As he explains to Interview Magazine, that challenge was his main motivating factor with taking the role on, and he also comments on all the awards buzz that his role has generated.
Many have commented on how Brooks really went against his typical comedy type for his role, and he confesses that this change is what attracted him to the role in the first place. He points out, “It was playing a different character than I’ve played before, that was first and foremost. I was looking to do that. Also, I was familiar with [director]Nicolas Refn; I had seen Bronson and thought it was terrific. Ryan Gosling was attached. So you get enough things that draw you in—because sometimes you get sent a script, and the people attached you don’t respect. It all sort of has to gel. But first and foremost, the part was something I thought I could do and was different than I had played before.”
Though the character originated in the novel that the film is based on, Brooks explains that the film version of Bernie Rose developed as the film began production, saying, “Obviously, the character was there, because it came from the novel. What we did is, as soon as he [Refn] cast it—I think I came on after Ryan, and Bryan Cranston, then I think Carey Mulligan came on, and then I think Ron Perlman came on. Once Ron Perlman was cast, we would rehearse for several weeks at Nicolas’s house. I think that sort of developed a relationship, how Bernie would react to Nino. Once the cast was in place, the writer was there and we sort of did improv, and rehearsed, tried to develop—for example, the ways in which these murders took place were not specific. They had to be thought out. It didn’t just say, ‘Slits his arm.’ It had to be figured out. Certainly the frame work was there, in a very good way.” Much of that development went into designing a look for Rose. Unlike most films in which the costuming designers pick the wardrobe, Brooks takes credit for Rose’s look. He explains, “I found a hairpiece… and I knew what I wanted the character to look like. I had make-up people that I work with on my movies, and I went to work. I emailed him photos, and I would wait with baited breath, and he would write back, ‘Terrific!’ [laughs] That’s my job. Sometimes a director will have it down to that, but mostly when you hire an actor, you want the actor to come at you with these thoughts, because the actor’s going to be the one who has to actually say the words and play it. I knew how I wanted Bernie to look. There’s a style in which you walk, and look, and what kind of jewelry you wear.”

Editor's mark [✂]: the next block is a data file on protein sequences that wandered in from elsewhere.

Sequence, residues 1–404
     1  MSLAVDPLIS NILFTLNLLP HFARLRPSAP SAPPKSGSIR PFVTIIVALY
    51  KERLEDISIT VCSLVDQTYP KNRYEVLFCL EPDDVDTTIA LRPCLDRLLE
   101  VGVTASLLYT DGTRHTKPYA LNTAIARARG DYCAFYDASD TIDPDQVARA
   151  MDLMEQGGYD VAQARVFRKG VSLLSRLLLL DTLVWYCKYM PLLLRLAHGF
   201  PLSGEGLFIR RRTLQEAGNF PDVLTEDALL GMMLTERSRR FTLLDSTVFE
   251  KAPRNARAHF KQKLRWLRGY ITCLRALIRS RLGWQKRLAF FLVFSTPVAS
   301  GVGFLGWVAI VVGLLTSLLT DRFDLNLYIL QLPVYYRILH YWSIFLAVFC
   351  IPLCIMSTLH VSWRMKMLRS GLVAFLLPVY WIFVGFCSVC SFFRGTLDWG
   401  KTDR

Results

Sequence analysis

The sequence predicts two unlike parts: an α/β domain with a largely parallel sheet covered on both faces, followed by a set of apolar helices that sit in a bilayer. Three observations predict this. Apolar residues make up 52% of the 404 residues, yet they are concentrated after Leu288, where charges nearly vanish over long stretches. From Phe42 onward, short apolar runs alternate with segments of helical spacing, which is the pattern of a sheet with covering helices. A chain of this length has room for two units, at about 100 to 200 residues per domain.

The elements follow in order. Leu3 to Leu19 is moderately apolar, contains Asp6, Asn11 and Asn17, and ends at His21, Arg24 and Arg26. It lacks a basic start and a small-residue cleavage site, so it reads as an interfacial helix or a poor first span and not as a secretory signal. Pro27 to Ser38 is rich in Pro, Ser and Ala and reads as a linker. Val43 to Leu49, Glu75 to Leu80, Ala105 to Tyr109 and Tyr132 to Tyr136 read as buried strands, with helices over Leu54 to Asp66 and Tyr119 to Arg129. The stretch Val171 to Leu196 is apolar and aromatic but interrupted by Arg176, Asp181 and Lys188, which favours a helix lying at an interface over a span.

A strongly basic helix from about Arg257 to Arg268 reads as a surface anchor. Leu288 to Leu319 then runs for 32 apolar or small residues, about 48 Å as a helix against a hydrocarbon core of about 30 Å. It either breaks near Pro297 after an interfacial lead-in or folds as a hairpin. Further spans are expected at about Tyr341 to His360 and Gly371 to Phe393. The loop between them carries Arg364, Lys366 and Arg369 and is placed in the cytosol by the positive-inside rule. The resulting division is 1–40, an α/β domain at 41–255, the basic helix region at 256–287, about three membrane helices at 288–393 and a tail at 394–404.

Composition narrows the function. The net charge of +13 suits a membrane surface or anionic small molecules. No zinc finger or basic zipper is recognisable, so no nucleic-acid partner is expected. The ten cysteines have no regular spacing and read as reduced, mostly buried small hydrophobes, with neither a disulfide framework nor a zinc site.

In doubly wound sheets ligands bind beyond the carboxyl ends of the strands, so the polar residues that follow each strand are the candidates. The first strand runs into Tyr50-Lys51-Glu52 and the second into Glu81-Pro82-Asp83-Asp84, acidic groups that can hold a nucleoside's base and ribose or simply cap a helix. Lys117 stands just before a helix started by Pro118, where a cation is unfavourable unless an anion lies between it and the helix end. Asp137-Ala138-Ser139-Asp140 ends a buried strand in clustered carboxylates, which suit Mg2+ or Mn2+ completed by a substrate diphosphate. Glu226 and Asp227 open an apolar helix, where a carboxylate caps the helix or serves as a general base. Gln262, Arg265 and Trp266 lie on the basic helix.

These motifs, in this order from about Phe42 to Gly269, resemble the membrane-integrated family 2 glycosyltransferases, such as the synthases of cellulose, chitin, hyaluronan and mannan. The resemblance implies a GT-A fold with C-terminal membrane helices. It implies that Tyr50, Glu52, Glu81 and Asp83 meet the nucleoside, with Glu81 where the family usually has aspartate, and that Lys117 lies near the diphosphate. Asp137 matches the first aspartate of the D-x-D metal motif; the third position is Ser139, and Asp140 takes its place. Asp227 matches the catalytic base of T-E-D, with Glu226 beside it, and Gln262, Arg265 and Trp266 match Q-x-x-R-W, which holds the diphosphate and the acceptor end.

Nonetheless, though Rose is a vastly different character for Brooks, he states that he actually finds a lot of similarity between his comedy roles and his role in Drive when it comes to getting angry. He says, “Even in my comedies, I don’t take anger as a joke. I think anger and laughter are very close to each other, when you think about it. One of the things I like about a character: I always think it’s fascinating when a character can turn on a dime and go from one emotion to another. I like watching that.”
Despite all the awards season talk — Brooks has already won the Best Supporting Actor award from the New York Film Critics Circle, the Washington DC Area Film Critics Association, and the Boston Society of Film Critics — Brooks realizes that there’s not much he can do about it even though he finds it very exciting. “You’d be an idiot not to enjoy hearing it, because it only means that people are enjoying the performance, but there’s nothing really to do—it’s sort of a betting game, and I guess it’s fun to have a chip on the table, but I can’t really do anything about it. All it means is—you know, I’ve been in a lot of movies where they didn’t make it into the discussion. Would you rather have the discussion or no discussion? It only means the movie kicked some ass.”